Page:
Monday, May 28, 2012


We went with friends at the weekend to see the movie "First Position."  It's a documentary that follows a handful of youngsters, aged ten to seventeen or so, who are vying for glory--and the chance for a successful career--at the Youth America Grand Prix competition in ballet dancing.  A diverse group--one girl comes miraculously from traumatized, war-torn Sierra Leone, a young lad from relative poverty in Columbia, a pair from Israel--they share only their single-minded passion. The work involved consumes their whole lives, not to mention the lives of their family.  Quote aside from the incredible expense involved, it's mercilessly demanding on their young bodies. It also requires a dedication that is little short of obsessive, and given the relatively low "demand" for this art form in the contemporary world, the chances for success in the field are slimmer even than in most others.

You have to admire the tenacity of these young people, along with their superlative physical agility and their boundless aspiration.  Their physical work is harder and longer than anything I have had to do in my life, and they devote themselves to it in the spirit of a passionate pursuit of perfection.  There is something about the exercise of such discipline, I believe, that gives them a special quality as human beings: a sense of purpose, a respect for others, a gracefulness and charm, and--I'm reaching for a word that has the ring of "wholesomeness" without being quite so condescending.  They must be very much in touch with themselves, acutely conscious, their awareness honed to a fine point by suffering gladly accepted and daily experienced for the sake of their art.  Unusual, too, in youngsters of this age, is their emotional maturity in the sense that they are clearly able to register their feelings and, at the same time, to subordinate them to their goals. They are certainly very special people.

I was impressed, too, by the adults in their lives.  Certainly, there was at least one "tiger mom" amongst them, but for the most part the parents seemed genuinely supportive, following along with their children's hopes and dreams with a certain sense of awe.  Required to make enormous sacrifices, they do so for the most part with good cheer and without reservation.  The film offered glimpses of the relationship between young student and adult coach, whose work seemed to require a fine balance between patience and demand, supportive love and standards that to many of us would seem overly exacting.  Missing, perhaps, was a closer look at the role of the competition's judges, responsible at the end for the hard decisions as to who would triumph and who would go home disappointed.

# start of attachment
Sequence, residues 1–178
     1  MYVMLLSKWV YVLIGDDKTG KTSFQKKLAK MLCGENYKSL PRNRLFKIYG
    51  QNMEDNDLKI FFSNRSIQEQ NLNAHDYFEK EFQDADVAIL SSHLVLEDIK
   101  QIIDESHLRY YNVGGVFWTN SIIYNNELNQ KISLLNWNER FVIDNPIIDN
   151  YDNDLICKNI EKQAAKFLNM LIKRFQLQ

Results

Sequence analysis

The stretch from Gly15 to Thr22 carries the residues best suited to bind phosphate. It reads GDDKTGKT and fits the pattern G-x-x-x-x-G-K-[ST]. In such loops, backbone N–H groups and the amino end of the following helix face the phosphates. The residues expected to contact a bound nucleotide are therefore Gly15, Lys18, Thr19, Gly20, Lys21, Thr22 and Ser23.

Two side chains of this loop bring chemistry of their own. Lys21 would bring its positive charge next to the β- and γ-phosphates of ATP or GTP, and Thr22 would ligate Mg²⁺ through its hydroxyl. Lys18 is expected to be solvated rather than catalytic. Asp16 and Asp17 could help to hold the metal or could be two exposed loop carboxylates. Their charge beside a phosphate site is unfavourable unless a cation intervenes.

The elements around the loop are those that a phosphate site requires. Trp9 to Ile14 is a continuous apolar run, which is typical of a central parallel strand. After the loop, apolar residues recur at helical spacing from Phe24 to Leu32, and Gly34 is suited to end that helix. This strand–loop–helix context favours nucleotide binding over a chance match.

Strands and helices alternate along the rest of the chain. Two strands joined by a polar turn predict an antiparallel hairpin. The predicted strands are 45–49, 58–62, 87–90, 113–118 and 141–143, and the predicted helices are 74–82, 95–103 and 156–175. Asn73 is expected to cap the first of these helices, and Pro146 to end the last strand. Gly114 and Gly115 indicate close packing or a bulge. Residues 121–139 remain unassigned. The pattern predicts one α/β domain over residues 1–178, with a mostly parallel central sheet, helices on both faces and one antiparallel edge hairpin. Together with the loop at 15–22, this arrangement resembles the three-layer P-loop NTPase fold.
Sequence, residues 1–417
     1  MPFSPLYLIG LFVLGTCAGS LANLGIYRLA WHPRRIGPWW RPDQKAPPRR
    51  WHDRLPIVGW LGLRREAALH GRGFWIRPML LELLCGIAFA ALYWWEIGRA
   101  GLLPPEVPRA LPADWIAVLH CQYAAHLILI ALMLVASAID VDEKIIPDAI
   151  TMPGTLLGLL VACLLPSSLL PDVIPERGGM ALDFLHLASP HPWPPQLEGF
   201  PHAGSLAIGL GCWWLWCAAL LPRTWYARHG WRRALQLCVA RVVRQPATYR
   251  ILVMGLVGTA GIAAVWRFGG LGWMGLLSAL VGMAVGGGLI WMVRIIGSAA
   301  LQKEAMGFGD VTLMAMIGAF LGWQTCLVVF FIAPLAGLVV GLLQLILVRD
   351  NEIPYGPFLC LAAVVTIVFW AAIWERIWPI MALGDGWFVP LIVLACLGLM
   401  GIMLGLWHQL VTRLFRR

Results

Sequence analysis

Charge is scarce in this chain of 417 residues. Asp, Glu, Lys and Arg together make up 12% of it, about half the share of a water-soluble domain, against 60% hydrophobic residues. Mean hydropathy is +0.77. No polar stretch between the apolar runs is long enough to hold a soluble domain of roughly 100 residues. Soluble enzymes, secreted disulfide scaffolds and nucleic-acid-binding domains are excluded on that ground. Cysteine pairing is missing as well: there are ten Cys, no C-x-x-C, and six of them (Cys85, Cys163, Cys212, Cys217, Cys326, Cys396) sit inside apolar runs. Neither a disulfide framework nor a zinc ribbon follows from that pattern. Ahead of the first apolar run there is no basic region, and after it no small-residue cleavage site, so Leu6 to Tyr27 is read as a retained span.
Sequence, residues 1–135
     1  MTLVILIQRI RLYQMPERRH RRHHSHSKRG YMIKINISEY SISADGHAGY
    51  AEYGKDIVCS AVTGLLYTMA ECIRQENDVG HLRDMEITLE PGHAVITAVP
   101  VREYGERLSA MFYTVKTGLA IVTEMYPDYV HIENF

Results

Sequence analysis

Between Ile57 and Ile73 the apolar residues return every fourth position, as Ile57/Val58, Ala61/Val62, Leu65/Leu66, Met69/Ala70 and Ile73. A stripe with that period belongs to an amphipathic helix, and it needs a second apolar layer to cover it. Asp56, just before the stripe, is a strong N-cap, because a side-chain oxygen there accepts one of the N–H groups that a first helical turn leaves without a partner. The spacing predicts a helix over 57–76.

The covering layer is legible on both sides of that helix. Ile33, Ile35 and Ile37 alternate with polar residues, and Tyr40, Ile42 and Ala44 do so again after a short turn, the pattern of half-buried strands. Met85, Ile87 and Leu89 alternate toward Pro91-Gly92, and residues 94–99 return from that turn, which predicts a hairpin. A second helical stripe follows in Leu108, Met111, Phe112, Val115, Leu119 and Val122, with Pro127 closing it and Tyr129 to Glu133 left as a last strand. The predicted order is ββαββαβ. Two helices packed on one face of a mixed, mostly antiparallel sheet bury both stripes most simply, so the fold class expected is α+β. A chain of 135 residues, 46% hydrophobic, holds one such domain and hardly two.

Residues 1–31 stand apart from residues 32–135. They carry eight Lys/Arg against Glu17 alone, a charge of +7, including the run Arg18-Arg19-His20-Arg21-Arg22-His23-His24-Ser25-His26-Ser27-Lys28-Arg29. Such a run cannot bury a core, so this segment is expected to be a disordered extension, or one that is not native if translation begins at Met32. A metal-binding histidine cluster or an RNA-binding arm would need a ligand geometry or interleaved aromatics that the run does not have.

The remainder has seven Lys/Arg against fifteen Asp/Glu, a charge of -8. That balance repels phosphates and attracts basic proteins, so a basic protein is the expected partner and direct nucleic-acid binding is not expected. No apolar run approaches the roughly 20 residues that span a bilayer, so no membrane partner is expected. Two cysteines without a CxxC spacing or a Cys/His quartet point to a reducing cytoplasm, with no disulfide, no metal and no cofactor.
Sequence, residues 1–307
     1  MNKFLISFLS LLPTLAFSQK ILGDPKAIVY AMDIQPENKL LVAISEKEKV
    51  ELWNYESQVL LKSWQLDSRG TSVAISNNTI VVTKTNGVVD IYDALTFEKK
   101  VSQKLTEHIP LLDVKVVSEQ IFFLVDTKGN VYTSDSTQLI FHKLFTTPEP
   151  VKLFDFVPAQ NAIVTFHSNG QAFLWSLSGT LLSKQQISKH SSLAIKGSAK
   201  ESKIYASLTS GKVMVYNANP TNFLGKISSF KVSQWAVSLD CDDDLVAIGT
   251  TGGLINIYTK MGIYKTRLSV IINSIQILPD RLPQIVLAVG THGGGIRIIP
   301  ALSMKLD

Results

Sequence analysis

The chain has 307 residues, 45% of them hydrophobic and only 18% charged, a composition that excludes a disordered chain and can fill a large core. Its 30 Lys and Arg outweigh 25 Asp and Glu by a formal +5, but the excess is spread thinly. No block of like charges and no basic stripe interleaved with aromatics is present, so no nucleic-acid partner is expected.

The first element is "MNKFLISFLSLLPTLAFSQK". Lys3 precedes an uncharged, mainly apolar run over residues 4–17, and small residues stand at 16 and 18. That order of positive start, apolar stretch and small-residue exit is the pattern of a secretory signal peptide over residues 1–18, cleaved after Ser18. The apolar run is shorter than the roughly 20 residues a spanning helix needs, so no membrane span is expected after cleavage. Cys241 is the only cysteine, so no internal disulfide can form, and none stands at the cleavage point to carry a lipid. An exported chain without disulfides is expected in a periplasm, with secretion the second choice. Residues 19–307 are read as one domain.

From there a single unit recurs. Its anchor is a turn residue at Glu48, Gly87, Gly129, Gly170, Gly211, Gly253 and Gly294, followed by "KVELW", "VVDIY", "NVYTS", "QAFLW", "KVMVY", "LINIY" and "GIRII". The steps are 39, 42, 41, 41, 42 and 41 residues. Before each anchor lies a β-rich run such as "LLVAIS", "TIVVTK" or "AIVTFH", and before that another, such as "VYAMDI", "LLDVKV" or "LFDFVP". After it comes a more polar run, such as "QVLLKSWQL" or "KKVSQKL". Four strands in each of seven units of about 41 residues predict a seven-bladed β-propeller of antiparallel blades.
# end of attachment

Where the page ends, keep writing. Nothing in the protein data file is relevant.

I was left wondering about the sheer physical torture--there's no other word for it--inflicted by this art form on its practitioners.  Injuries among dancers are as common and as debilitating as those caused on the playing fields of professional sports and, like professionals in sports, dancers are so highly motivated that they will ignore the pain and get on with the work, causing themselves still further damage.  Watching this film you can only wince at the images of the abrasions of sore feet and the contortions of human bodies forced into positions for which they were not designed.  And the obvious, external injuries are matched by the internal ones, the expectation of perfection and the intolerance of failure, the pain of disappointment and the rigors of self-judgment.

Still, as my friend Stuart pointed out as we drove home, these youngsters do seem to engage in their passion willingly.  It is their choice that brings them back to the dance studio every day and to embrace the pain and the discipline that choice entails.  If it is a form of torture, it can only be described as exquisite--both in the experiencing of it and in the results.  Now, if writers had to go through the same, maybe there would be fewer of us vying for the attention of a dwindling supply of readers!  We sit comfortably enough at our computers and risk growing plump as we exercise our fingers only at the keyboard.  I am not, however, tempted to get up and dance!

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